Consumers love buying locally grown produce. But these days, it seems consumers are also dictating how farmers should grow their crops. This is influencing how farmers do their job and keeps them from using beneficial farming technologies that can provide healthy food, be kind to the environment, and help them make a living.
More and more mindful consumers are getting to know the farms in their area, attending farmers’ markets, and supporting local growers. And while connecting with farmers and understanding how your food is grown is important, dictating how a farmer should best grow their crops resembles a patient telling a doctor which medicines to prescribe! As a result, organic practices have been overemphasized and the use of genetically modified technology is very limited. The question remains: Is it clear to the consumer how safe conventionally grown fruits and vegetables actually are?
Does local mean organic?
There seems to be an inextricable link between local and organic produce. Consumers often assume when they are buying local, they are also buying organic. According to a survey done by Statista, 96% of those surveyed believe “local” means the produce was grown within 100 miles, 57% think that it is produced by a small business, and 44% believe it means natural or organic. As shown in the chart below, despite the lack of clarity around what “local” means, more and more consumers are visiting farmers’ markets to buy just that.
In reality, local does not mean organic— and there is nothing wrong with that. Despite this fact, there is a push for farmers to produce only organic crops for their local farmers’ markets. However, what the consumer doesn’t always realize is that both organic and conventional farmers have bugs, weeds, and weather issues. In order to get a good yield, farmers must utilize a variety of different tactics. Sometimes this includes pesticides, sometimes herbicides, and sometimes both. Farmers are concerned with soil and their local environments’ health. When it comes to growing practices, it isn’t black or white. Yes, farmers are often classified as conventional or organic— but there is a lot more to it than that.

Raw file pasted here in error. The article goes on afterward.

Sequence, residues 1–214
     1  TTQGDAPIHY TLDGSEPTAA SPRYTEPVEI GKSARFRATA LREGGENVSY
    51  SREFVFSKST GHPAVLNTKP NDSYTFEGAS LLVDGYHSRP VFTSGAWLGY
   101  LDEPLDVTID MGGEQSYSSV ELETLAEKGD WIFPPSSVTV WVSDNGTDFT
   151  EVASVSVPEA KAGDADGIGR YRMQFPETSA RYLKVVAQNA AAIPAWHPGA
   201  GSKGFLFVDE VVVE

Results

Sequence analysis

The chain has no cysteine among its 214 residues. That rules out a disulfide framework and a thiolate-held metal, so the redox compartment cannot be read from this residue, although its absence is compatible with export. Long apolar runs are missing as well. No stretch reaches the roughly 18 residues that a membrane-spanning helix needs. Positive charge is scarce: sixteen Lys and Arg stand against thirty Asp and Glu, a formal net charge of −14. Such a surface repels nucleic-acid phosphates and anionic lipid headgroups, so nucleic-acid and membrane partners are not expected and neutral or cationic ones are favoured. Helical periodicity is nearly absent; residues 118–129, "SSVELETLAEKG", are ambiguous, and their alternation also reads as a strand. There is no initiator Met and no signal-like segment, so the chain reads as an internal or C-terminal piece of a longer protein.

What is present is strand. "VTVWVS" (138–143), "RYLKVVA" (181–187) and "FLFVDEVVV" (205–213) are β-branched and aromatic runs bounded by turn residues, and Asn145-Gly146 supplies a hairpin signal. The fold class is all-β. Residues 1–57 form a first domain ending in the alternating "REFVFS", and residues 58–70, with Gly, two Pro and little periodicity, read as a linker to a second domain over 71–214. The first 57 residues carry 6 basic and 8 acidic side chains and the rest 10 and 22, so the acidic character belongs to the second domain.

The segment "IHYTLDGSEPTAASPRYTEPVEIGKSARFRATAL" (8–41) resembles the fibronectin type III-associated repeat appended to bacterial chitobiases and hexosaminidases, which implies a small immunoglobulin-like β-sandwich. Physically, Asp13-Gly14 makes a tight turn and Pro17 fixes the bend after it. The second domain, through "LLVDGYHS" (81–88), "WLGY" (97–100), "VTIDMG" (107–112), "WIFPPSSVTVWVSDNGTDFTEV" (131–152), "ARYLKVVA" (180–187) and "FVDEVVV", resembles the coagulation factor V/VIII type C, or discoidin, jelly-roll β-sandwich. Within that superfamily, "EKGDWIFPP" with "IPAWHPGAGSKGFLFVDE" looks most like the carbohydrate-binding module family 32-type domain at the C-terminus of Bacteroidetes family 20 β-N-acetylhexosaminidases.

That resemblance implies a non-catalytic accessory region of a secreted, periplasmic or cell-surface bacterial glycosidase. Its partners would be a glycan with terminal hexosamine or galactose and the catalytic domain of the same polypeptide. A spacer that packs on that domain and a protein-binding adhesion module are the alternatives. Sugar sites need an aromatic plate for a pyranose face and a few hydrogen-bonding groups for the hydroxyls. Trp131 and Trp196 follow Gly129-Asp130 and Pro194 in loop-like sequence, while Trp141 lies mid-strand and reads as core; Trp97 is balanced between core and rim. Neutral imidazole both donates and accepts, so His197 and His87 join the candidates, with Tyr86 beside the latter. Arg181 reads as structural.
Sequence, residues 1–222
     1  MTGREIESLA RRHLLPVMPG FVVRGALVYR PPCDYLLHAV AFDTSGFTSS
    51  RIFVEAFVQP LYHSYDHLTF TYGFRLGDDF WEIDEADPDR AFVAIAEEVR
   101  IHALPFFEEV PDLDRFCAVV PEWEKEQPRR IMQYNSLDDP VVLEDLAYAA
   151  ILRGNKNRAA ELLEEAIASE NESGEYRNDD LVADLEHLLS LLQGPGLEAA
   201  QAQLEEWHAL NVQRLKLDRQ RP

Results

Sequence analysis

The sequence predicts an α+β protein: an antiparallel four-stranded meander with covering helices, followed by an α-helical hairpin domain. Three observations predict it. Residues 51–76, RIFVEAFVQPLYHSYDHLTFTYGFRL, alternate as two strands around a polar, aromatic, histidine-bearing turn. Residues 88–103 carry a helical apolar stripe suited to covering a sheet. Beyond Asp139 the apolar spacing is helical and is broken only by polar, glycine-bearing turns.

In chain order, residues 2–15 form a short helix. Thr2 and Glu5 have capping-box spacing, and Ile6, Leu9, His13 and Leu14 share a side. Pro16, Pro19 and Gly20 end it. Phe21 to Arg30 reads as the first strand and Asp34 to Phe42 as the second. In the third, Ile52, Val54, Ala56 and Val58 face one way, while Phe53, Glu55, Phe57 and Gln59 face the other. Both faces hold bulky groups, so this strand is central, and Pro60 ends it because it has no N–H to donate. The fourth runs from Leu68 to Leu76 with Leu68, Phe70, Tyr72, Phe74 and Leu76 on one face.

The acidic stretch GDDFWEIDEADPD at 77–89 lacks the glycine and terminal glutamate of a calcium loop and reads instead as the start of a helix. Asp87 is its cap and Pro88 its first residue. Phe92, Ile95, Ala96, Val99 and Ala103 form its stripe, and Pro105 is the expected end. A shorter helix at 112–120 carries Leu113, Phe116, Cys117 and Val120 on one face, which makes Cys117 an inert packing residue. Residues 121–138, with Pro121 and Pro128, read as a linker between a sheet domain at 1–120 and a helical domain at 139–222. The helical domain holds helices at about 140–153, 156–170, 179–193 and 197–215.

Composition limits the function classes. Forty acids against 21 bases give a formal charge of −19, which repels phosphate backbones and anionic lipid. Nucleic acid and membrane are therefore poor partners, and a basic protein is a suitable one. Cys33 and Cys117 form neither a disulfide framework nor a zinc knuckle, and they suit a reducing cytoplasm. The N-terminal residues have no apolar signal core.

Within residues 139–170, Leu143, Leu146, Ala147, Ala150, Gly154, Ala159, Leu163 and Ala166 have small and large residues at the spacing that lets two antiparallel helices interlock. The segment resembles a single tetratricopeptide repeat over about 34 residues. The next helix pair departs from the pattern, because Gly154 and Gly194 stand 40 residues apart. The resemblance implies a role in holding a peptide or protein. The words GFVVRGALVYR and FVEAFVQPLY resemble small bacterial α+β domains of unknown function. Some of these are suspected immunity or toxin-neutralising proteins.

In fact, conventionally grown crops are often misrepresented and pitted against organic produce as the greater evil. As we’ve discussed on D2D, conventional farmers create safe, healthy, and affordable produce. But many consumers still believe that organic is healthier and more nutritious because it doesn’t require pesticides or herbicides. This impression is misguided. For instance, conventional farming practices have traditionally been held to a higher sanitation standard than organic farming, which sometimes uses improperly composted manure as opposed to more sanitary synthetic fertilizer. Or organic farmers may use copper sulfate as a fungicide and pesticide, which can be more toxic to the environment, including bees, than the conventional treatment of glyphosate.
The U.S. organic market reported a record $43.3 billion in sales in 2015 and shows no signs of slowing down. The organic food and beverage market is supposed to grow to $320.5 billion by 2050. (Source: Organic Trade Association)
As we learned on Green Cay Farm in Florida, there are many challenges that farmers face when growing crops. These include, but are not limited to, pest pressure and maintaining healthy soil. Sometimes, to deal with these challenges, a conventional input is better for the land, the farmer, and the crop.
Because there is less technology used in organic farming, inputs are more expensive. This drives up the price of the produce. One organic farmer stated, “it takes $1,800 to weed an acre of organic spinach compared to $150 an acre for conventional.” (Source: Genetic Literacy Project)
D2D discusses conventional farming practices with Nancy Roe of Green Cay Farm.